President Trump Impeachment Hearings

Kratom debate — herbal cure or public health threat?

DAVENPORT, Iowa -- A growing number of storefronts can be seen around the Quad Cities advertising Kratom, often alongside other herbal products like CBD oil.  Coming to this country in the form of a green powder, Kratom is derived from dried and crushed leaves of the Mitragyna Speciosa tree, indigenous to parts of Southeast Asia.

The people who use it, like AHA Holisticals owner Alisha Wadden, say it's a mood booster that can relieve pain and even help curb opioid addiction.

"It gave me my life back," said Wadden, who said she started using Kratom to help relieve her chronic pain. "I live essentially pain-free," she said.

Charles Harris, a Qualified Behavioral Health Professional at Robert Young Center in Moline said in low doses, Kratom gives a mild euphoric effect; at medium doses, it can relieve pain.

"And it's been used in the past, for thousands of years, as an aid in opiate addiction to ease the withdrawal symptoms," he said.

But the FDA has warned that it can expose users to risks of addiction, abuse and dependence. The CDC has linked Kratom to 91 overdose deaths in the United States.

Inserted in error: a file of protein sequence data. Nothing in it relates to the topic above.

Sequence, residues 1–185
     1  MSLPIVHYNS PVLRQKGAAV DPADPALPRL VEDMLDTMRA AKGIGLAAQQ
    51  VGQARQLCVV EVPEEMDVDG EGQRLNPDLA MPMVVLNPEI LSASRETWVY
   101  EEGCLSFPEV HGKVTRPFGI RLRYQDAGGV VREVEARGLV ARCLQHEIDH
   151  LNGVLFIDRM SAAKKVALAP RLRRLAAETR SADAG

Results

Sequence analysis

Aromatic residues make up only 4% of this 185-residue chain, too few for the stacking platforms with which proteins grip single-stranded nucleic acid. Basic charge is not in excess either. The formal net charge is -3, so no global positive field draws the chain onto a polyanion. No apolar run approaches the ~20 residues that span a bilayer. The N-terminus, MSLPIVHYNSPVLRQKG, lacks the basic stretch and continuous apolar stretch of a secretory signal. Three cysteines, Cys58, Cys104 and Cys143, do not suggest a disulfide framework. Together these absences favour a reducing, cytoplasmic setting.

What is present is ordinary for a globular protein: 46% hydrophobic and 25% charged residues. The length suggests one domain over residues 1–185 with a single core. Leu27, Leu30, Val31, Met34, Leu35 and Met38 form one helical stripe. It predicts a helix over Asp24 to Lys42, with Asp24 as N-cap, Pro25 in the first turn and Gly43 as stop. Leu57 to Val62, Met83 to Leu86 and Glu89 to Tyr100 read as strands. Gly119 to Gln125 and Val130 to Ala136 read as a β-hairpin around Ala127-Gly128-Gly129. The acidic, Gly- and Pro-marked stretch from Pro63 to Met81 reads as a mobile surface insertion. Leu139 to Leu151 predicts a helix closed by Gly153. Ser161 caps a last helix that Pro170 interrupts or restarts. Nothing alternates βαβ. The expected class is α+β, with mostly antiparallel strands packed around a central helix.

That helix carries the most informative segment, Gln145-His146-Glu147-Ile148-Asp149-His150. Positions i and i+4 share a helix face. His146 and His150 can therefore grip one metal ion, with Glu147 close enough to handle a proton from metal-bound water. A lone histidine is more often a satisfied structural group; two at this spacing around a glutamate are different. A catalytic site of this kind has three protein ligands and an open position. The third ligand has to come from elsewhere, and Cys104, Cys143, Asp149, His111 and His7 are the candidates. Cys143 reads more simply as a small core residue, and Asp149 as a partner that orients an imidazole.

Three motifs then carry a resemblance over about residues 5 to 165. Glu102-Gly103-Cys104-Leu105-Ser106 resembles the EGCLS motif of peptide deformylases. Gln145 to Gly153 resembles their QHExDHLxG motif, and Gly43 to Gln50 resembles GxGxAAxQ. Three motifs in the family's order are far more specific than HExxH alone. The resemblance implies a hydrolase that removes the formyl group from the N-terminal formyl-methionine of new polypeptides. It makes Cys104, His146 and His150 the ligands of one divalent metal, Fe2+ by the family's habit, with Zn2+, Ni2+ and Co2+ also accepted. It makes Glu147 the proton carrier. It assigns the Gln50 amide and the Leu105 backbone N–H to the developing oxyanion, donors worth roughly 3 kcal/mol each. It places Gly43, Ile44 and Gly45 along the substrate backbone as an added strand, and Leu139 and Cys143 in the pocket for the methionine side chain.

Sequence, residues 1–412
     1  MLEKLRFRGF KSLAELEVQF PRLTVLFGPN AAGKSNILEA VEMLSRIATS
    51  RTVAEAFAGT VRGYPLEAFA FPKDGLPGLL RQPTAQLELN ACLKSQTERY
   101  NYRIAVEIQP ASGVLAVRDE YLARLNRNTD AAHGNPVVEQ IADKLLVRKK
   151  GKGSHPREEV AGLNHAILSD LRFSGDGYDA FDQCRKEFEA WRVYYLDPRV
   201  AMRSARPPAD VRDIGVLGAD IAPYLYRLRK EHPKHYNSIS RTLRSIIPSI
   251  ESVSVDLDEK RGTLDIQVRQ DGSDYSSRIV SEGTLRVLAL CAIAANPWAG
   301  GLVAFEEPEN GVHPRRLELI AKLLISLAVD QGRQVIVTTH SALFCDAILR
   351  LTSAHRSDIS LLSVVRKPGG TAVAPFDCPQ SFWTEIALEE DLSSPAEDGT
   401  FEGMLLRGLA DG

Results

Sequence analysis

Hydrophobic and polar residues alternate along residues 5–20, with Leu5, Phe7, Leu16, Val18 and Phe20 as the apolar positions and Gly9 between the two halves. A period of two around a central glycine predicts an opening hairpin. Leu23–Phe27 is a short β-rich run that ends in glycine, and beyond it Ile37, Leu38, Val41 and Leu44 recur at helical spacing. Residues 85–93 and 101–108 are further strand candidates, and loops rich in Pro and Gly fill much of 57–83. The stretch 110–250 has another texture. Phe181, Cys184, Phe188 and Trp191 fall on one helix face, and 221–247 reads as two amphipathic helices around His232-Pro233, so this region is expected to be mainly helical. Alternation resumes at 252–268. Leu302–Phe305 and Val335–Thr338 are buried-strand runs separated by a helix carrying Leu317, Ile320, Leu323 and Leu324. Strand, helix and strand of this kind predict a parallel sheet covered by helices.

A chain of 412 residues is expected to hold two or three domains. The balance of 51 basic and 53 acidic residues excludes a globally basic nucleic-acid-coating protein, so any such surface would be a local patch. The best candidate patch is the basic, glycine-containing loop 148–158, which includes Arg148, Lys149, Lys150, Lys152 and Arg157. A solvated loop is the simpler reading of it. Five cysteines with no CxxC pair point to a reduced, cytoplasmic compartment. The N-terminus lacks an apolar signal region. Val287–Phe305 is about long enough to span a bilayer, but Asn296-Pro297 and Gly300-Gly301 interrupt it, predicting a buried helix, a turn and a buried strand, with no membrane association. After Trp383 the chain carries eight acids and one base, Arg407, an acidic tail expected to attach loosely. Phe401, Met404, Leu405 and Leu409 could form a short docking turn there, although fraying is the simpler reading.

"It gives the same sedative effects that an opiate does, it causes addiction just like opiates do," said Harris.

In spite of the risks, more and more people say a few grams a day has changed their lives.

Trisha Hart, a retail salesperson, said she hasn't been taking her Tramadol, an opioid pain reliever, since she started using Kratom about a month ago.

"I haven't had any since -- yes," she said.

Both Wadden and Harris said they believe Kratom has potential medical benefits if taken in moderation. But they say the emerging industry is in desperate need of research and regulation.

"I celebrate with them as they’re getting jobs, I celebrate their sobriety," said Wadden. "I have tears with them, it’s pretty amazing to see first hand what this does," she said.

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